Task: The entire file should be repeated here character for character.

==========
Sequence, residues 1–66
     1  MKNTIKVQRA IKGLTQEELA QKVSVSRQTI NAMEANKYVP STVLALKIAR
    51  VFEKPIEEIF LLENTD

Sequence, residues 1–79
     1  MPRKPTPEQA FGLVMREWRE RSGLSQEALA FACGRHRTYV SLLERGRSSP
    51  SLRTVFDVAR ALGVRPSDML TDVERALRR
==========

Sequence, residues 1–66
     1  MKNTIKVQRA IKGLTQEELA QKVSVSRQTI NAMEANKYVP STVLALKIAR
    51  VFEKPIEEIF LLENTD

Sequence, residues 1–79
     1  MPRKPTPEQA FGLVMREWRE RSGLSQEALA FACGRHRTYV SLLERGRSSP
    51  SLRTVFDVAR ALGVRPSDML TDVERALRR